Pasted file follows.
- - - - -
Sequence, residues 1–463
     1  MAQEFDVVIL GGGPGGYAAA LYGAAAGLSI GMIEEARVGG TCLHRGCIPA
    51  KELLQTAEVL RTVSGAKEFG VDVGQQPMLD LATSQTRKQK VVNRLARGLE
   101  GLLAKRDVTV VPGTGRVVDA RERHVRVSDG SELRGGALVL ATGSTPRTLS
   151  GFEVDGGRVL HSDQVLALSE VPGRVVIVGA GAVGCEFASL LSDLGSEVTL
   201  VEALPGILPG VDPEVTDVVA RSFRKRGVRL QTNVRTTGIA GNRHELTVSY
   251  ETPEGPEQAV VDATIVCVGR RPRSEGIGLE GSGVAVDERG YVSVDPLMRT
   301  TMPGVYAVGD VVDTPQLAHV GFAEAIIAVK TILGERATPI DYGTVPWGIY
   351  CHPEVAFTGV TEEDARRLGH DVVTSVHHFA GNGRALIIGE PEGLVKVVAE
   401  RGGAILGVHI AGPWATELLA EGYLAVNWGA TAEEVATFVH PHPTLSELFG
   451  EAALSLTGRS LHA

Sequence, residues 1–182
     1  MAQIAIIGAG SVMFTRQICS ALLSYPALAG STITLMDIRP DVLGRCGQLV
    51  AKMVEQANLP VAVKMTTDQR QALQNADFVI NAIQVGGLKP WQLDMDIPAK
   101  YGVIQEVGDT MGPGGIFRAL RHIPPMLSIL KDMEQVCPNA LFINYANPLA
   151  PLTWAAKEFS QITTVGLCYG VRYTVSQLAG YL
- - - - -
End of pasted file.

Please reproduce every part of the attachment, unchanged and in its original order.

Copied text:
Sequence, residues 1–463
     1  MAQEFDVVIL GGGPGGYAAA LYGAAAGLSI GMIEEARVGG TCLHRGCIPA
    51  KELLQTAEVL RTVSGAKEFG VDVGQQPMLD LATSQTRKQK VVNRLARGLE
   101  GLLAKRDVTV VPGTGRVVDA RERHVRVSDG SELRGGALVL ATGSTPRTLS
   151  GFEVDGGRVL HSDQVLALSE VPGRVVIVGA GAVGCEFASL LSDLGSEVTL
   201  VEALPGILPG VDPEVTDVVA RSFRKRGVRL QTNVRTTGIA GNRHELTVSY
   251  ETPEGPEQAV VDATIVCVGR RPRSEGIGLE GSGVAVDERG YVSVDPLMRT
   301  TMPGVYAVGD VVDTPQLAHV GFAEAIIAVK TILGERATPI DYGTVPWGIY
   351  CHPEVAFTGV TEEDARRLGH DVVTSVHHFA GNGRALIIGE PEGLVKVVAE
   401  RGGAILGVHI AGPWATELLA EGYLAVNWGA TAEEVATFVH PHPTLSELFG
   451  EAALSLTGRS LHA

Sequence, residues 1–182
     1  MAQIAIIGAG SVMFTRQICS ALLSYPALAG STITLMDIRP DVLGRCGQLV
    51  AKMVEQANLP VAVKMTTDQR QALQNADFVI NAIQVGGLKP WQLDMDIPAK
   101  YGVIQEVGDT MGPGGIFRAL RHIPPMLSIL KDMEQVCPNA LFINYANPLA
   151  PLTWAAKEFS QITTVGLCYG VRYTVSQLAG YL